Old Dutch language

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As Old Dutch language , also known as altniederfränkische language is known, is the oldest known language level of the Netherlands . It was spoken from about 600 to 1150 and has only been handed down in fragments. Like its successor, the Middle Dutch language , it was not a standard language in the true sense of the word.

Old Dutch and Old Low Franconian

The two terms Old Dutch and Old Low Franconian are often equated, because the dialects Brabantian and Dutch emerged from Old Low Franconian , which later formed the basis for the modern standard Dutch language .

The North Sea Germanic (or North Sea Germanic influenced) dialects in the west of the language area ( West Flemish , Dutch), especially in the Old Dutch period, speak against equating the terms Old Dutch and Old Low Franconian.

Language area

The area in which Old Dutch was spoken is not identical to today's Dutch-speaking area: Frisian or at least North Sea Germanic ("Ingwaeon") dialects were spoken in the Groningen and Friesland areas as well as on the Dutch coast . In the east of today's Netherlands ( Achterhoek , Overijssel , Drenthe ), Old Saxon dialects were spoken. In the south and southeast, the Old Dutch-speaking area at that time was somewhat larger than the N-Dutch language today: French Flanders and part of the area between the province of Limburg and the Rhine were still part of the Dutch-speaking area at that time.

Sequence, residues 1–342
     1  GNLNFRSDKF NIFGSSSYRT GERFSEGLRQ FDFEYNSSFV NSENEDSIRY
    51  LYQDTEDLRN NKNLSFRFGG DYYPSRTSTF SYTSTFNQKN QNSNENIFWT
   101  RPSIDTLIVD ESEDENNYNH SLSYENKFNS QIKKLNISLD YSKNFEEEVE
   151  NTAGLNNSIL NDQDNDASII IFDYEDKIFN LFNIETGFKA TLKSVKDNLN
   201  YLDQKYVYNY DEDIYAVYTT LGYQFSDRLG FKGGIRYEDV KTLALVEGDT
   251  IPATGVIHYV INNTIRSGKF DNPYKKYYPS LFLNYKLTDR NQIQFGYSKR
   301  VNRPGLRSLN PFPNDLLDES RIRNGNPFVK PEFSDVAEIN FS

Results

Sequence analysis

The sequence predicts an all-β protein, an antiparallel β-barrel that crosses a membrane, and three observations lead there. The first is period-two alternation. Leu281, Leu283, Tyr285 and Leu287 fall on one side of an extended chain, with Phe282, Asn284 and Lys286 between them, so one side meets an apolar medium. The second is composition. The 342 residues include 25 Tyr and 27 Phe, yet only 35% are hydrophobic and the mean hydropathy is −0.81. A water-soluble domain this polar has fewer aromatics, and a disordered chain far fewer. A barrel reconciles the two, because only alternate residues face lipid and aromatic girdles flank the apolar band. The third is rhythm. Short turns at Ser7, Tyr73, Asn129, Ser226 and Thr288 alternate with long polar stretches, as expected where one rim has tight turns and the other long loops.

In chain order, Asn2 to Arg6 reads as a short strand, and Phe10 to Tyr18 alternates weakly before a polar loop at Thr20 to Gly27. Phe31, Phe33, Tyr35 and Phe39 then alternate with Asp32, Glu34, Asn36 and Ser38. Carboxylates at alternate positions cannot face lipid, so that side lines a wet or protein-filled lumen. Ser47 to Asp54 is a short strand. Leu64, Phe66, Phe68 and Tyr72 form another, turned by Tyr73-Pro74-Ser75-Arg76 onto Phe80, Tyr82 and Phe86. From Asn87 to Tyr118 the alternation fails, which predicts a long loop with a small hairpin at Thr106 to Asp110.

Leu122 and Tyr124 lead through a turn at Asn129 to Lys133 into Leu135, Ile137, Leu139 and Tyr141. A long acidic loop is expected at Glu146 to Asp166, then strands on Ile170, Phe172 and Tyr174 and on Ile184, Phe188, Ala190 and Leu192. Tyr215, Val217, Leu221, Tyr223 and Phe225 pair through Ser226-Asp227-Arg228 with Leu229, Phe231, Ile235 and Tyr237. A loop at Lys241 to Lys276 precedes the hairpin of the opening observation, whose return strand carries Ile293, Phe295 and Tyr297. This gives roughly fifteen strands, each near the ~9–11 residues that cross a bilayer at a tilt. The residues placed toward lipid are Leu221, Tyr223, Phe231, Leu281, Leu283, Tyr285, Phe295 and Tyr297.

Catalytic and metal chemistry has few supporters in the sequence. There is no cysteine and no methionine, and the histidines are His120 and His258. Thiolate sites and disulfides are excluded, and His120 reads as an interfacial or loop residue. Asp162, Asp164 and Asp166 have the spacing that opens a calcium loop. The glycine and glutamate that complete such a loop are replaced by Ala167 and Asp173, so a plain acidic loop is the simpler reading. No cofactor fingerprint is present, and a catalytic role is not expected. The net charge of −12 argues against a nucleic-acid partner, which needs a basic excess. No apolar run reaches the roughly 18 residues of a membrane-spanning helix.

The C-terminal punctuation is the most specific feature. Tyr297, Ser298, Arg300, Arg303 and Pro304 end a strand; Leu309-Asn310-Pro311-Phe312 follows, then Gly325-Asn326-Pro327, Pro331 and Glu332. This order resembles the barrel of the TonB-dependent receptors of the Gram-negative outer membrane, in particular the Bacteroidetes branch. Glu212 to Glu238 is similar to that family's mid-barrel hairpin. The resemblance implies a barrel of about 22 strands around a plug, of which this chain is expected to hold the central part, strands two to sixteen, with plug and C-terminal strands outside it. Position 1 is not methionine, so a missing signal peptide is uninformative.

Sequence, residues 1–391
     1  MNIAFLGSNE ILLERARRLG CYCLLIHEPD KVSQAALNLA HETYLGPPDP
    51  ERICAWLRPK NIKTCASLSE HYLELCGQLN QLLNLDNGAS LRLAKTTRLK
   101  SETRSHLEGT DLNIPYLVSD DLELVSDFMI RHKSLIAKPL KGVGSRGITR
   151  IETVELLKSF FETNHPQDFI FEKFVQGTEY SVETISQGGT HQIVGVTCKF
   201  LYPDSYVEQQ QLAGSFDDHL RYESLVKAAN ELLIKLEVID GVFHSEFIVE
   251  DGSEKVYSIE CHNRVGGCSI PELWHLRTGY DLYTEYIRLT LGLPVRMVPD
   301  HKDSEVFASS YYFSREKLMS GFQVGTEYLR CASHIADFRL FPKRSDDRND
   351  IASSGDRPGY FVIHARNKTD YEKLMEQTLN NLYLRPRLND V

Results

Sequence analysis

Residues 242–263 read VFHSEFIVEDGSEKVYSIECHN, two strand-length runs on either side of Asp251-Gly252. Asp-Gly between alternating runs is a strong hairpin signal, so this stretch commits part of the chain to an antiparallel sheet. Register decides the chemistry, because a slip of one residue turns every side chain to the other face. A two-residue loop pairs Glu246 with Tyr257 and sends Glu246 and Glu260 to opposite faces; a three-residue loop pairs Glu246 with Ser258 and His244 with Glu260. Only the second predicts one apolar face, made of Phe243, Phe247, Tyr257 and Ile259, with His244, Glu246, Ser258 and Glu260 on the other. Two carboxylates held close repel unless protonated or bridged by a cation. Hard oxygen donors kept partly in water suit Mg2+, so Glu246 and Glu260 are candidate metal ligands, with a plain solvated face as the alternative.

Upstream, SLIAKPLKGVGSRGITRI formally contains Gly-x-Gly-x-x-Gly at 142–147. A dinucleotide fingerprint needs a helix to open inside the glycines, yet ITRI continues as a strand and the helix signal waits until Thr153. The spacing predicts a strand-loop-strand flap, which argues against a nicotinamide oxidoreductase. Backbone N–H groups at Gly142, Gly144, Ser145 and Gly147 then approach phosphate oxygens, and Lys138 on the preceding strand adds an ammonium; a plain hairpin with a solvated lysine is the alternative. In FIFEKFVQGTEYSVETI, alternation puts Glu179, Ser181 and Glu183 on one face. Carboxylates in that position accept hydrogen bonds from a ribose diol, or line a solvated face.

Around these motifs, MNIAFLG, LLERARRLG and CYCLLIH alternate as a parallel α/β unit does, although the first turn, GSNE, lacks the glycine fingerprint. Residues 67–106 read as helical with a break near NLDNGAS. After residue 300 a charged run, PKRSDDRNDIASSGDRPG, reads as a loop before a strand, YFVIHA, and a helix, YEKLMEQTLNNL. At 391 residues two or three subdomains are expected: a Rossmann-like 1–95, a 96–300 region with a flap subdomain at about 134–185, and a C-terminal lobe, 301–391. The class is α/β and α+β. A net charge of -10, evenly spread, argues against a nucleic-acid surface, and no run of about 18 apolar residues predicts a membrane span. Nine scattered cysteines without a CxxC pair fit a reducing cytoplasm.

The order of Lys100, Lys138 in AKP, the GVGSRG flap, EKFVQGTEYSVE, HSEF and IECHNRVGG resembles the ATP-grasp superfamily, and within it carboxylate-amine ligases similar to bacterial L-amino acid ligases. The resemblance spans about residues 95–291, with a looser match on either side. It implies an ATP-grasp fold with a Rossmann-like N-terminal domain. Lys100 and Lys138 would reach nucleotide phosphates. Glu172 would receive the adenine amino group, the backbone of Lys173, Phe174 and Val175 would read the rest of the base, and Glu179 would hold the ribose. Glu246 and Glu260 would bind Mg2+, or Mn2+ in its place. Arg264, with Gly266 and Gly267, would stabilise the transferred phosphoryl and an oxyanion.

Differentiation from Middle Dutch

Although there are sometimes big differences, Old Dutch and Middle Dutch flow into each other fluently. The line between the two language levels can hardly be drawn. Generally one takes 1150 or 1200.

The most striking difference is the vowel reduction: In Old Dutch there are full vowels in unstressed syllables, in Middle Dutch they are reduced to a “ Schwa[ə] .


  • anl. vogala 'bird' → mnl. birds
  • anl. dago , daga 'day' → mnl. daghe
  • anl. brecan 'break' → mnl. breken
  • anl. gescrivona 'written' → mnl. gheschreven

The examples come from the chapter by A. Quak, in: Van den Toorn ea (1997) (see references).

Differences compared to the Old Frisian

A characteristic difference to the Frisian of the time was the Germanic au . In Old Dutch, the Germanic au had become ō (that is, a long o ), while in Old Frisian it had become ā (a long a ). Example: The new Dutch place name Akersloot is called Ekerslat in old Frisian documents .

Differences compared to Old High German

The clearest difference between Old Dutch and Old High German was that the second sound shift had taken place in Old High German , but not in Old Dutch.

Differences from Old Saxon

Despite all the similarities, there are some differences between Old Dutch and Old Saxon . Examples:

  • The Germanic sound hl ( chl ) at the beginning of the word has been preserved in Old Saxon, but simplified to l in Old Dutch .
  • In the verb, Old Saxon has a single form for 1st, 2nd and 3rd person plural, while Old Dutch has three different forms there ( -on , -et / it and -unt ).
    • Example: in the case of blīfrom 'we stay' - blīvet 'you stay' - blīvunt 'they remain' opposite asächs. bilīvad 'we / they stay, you stay'.
  • The Old Dutch diphthonged the Germanic ō (the long o ) , the Old Saxon did not. For example, suocan says 'search' opposite asächs . sōkian .
  • Old Saxon has plural endings in -as and -os in the noun , while Old Dutch often has -a .
  • Old Dutch had a hardening of the final voices early on, i.e. the sound change from voiced to unvoiced consonants at the end of the word.
    • Example: anl. Fluot 'flood' opposite asächs. flōd .